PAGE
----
Suddenly my despair vanished like a canary from a magician's hat. True, it was not the invincible Holmes who had come to my rescue, but in my friend's absence, it was he who, above all others, I would choose to extract me from a sticky situation. I felt lightheaded, giddy at the thought of what would happen if my captors returned and the deadly security agent with his steel-rimmed hat and arsenal of weapons went to work. Were there ten of the ruffians, Orloff would sweep them aside, and in a lethal manner to boot, for I had seen him in action and there were none that could stand against him. As these thoughts flooded my brain, my mouth must have dropped open but I smothered an utterance at a gesture of warning from that completely frightening man who was, thank God, my friend.
He was at my side in a moment, gazing anxiously into my eyes, which might have been a bit moist in honor of our opportune reunion.
"Are you all right, Doctor? Holmes will never forgive me if harm has come to you."
"Aside from a bruised knee, minor contusions, and a damaged ego, tip-top, old chap." My voice echoed bravado for I was no longer the paunchy doctor but, in my mind's eye, a veritable d'Artagnan. Bravery comes easily when one walks with an armored column.
"Then we'd best be gone. I'll deal with those who took you later." Even I, his ally, felt a chill at the grim finality in the agent's voice, but a greater chill followed this as we both heard a key turn in the lock. Orloff flew to the door, but it withstood even his strength. There was the sound of a chuckle from beyond the portal and then a mocking voice.
"Rest easy, Mr. Holmes. We'll attend to you and your companion later."
Then there was silence as my eyes met with Orloff's. He returned, with a shrug, from the door. My heart sank but then curiosity reared its insistent head. "What does this all mean?" I queried in a hushed voice.
"They baited a trap and sprung it at the wrong time." Orloff amended this. "Actually they had no choice. Even if they knew I was not Holmes, which they did not, they couldn't have me nosing around."
I shook my head in complete confusion and chided myself for being so obtuse. "I'm left at the starting gate, dear chap."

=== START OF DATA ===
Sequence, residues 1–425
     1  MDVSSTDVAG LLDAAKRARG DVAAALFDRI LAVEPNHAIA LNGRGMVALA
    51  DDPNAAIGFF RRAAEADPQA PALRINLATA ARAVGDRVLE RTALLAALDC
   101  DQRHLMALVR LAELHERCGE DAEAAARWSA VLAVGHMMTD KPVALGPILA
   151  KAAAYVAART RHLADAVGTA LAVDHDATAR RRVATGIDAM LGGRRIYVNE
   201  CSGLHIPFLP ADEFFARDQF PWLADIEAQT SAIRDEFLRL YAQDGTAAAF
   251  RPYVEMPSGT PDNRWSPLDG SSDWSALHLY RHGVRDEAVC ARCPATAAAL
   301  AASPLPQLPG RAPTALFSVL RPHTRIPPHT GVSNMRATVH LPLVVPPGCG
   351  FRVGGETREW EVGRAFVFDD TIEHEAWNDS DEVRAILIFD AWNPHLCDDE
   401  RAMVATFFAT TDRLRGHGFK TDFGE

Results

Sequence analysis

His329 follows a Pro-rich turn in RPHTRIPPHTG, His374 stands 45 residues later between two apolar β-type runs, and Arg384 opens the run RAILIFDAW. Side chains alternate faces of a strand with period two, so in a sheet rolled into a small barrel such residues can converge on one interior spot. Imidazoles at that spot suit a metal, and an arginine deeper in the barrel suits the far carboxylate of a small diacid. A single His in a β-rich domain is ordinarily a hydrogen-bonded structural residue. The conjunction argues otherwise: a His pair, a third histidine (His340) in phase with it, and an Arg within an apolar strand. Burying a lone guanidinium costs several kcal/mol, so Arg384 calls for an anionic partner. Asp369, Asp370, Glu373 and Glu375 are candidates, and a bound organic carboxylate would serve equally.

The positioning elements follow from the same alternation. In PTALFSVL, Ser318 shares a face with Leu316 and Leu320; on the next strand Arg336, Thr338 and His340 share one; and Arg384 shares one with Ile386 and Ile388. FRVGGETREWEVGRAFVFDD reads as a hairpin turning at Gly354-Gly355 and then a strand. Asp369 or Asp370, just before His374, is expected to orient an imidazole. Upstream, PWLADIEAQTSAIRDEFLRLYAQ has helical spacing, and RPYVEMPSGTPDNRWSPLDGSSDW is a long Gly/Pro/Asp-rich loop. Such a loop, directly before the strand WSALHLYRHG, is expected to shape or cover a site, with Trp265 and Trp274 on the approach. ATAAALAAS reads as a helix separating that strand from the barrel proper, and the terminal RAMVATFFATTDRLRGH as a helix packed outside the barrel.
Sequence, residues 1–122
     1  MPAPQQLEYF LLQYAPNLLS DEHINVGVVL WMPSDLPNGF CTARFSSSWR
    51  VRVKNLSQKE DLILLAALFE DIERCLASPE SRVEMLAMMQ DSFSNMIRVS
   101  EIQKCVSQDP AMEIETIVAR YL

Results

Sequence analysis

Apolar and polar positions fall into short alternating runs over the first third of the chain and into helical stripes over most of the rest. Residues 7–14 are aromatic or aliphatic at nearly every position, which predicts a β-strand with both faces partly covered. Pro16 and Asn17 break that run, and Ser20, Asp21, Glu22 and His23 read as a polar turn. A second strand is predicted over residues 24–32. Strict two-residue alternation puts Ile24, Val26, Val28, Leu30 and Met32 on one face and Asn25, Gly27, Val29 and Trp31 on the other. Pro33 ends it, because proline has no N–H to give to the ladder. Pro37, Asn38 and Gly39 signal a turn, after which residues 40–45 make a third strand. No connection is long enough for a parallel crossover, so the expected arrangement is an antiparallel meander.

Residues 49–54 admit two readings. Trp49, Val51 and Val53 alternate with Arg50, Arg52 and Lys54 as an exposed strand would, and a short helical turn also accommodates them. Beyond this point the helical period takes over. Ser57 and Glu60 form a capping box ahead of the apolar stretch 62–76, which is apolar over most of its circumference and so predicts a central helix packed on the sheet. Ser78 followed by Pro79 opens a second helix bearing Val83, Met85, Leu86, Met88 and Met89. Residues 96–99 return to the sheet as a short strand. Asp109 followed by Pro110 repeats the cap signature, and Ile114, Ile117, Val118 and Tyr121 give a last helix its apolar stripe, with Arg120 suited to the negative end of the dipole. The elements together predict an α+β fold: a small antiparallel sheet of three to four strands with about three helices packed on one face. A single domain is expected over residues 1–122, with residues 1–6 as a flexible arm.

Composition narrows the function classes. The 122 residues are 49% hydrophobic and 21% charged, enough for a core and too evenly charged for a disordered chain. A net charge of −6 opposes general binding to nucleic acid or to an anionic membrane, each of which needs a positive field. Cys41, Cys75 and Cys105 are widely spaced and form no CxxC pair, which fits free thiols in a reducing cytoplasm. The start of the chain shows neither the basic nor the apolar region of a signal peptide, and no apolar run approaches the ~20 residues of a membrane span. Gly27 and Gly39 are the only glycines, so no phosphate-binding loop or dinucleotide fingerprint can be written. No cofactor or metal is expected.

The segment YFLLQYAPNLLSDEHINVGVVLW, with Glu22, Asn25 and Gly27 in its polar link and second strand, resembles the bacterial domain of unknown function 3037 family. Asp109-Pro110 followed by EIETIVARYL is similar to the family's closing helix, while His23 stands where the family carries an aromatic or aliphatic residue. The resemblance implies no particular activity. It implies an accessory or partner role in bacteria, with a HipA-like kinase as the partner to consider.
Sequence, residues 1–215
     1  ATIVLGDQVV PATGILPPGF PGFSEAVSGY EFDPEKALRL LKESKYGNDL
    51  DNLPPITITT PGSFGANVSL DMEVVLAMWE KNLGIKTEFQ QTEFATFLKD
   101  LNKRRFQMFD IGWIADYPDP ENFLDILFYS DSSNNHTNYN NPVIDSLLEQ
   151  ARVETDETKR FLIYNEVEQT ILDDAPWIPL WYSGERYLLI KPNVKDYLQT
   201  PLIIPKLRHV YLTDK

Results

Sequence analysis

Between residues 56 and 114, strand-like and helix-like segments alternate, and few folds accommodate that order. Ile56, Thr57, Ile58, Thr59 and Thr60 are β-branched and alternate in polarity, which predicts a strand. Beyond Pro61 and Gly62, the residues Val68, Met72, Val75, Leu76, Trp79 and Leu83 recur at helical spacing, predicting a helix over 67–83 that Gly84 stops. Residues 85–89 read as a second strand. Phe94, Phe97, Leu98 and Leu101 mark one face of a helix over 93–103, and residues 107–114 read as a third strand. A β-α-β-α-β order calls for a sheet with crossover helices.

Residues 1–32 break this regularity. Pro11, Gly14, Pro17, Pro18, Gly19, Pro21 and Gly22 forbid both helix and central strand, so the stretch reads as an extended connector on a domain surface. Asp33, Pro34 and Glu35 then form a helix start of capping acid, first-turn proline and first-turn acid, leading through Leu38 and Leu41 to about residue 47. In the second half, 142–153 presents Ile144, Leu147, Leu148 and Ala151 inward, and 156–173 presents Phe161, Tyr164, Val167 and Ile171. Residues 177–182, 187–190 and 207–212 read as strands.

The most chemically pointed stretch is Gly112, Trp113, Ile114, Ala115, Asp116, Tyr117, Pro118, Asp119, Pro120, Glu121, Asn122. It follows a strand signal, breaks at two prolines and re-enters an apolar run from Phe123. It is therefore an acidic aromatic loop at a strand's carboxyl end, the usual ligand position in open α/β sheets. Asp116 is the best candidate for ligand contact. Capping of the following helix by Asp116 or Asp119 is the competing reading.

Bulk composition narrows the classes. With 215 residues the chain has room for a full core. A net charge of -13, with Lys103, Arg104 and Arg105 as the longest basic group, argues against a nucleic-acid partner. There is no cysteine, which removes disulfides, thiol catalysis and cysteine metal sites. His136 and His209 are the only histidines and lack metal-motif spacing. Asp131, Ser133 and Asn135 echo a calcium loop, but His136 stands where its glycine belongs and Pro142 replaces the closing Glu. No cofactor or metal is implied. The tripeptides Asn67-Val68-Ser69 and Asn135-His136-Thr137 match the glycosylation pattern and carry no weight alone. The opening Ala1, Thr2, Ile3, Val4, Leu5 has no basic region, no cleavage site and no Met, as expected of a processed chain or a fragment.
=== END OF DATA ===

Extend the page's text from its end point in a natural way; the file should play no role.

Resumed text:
As he explained, Orloff's eyes were surveying our cell, and he moved around it on an inspection tour much like the one I had undertaken.
"They grabbed you outside the inn but made sure that your hat remained as evidence. The moment I realized you were missing, it took little time to find the hat and to learn of a closed carriage that left Fenley by the river road with a whirl of wheels and a cloud of dust. Picking up the trail was no great thing, but when I located this place it seemed deserted, which was their intention."
I had begun to nod at his re-creation. "I was the bait, then, to lure Holmes to this spot and bag us both."
"They did not anticipate my presence and even now think their ruse has succeeded."
"What are you doing here, by the way?"
Atop the bed, looking toward the river, Orloff shot me a glance over his shoulder. "Mr. Holmes always takes care of his own."
His response might have seemed enigmatic but I understood. Tiny and Burlington Bertie, even now, were guarding 221 B Baker Street, and when Holmes left me to my own devices in Fenley, it was with the reassurance that the world's most dangerous man was watching out for my interests.
I discovered a catch in my throat as I thought of my eccentric, bohemian friend who could be a trial to live with but who was always concerned about the well-being of the plodding, phlegmatic companion cast his way by fate and the presence of young Stamford at the Criterion Bar on that certain day that had become so significant to J. H. Watson and Sherlock Holmes.
As I recovered from my momentary emotion, Orloff's death-dealing hands had seized the bars of the windows and the back of his coat tightened as those amazing shoulders, biceps, and wrists were put to work. At first glance, or even second, Orloff was completely misleading in appearance. He was unusually broad, though one did not realize it because of his grace of movement. His width made him seem shorter than he was, while his round, almost moon-shaped face gave the impression of a somewhat overweight man. There was not an ounce of surplus flesh on him, for his bulk was solid muscle augmented by reflexes that defied my medically trained mind. He was Orloff, cast from some unknown mold that no master hand could recreate. Suddenly his swelling muscles relaxed and he turned from the bars without a trace of moisture of his brow and breathing in his regular, even cadence.